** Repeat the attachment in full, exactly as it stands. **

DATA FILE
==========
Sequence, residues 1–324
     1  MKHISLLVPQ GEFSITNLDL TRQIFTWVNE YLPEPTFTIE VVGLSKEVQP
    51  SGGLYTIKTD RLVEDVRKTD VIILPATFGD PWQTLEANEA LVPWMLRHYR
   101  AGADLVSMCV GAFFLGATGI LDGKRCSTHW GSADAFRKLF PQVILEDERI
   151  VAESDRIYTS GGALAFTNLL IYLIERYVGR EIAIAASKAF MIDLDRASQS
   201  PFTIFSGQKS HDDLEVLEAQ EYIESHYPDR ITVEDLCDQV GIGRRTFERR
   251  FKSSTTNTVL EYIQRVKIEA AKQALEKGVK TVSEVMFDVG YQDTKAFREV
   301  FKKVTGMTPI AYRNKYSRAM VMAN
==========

Sequence, residues 1–324
     1  MKHISLLVPQ GEFSITNLDL TRQIFTWVNE YLPEPTFTIE VVGLSKEVQP
    51  SGGLYTIKTD RLVEDVRKTD VIILPATFGD PWQTLEANEA LVPWMLRHYR
   101  AGADLVSMCV GAFFLGATGI LDGKRCSTHW GSADAFRKLF PQVILEDERI
   151  VAESDRIYTS GGALAFTNLL IYLIERYVGR EIAIAASKAF MIDLDRASQS
   201  PFTIFSGQKS HDDLEVLEAQ EYIESHYPDR ITVEDLCDQV GIGRRTFERR
   251  FKSSTTNTVL EYIQRVKIEA AKQALEKGVK TVSEVMFDVG YQDTKAFREV
   301  FKKVTGMTPI AYRNKYSRAM VMAN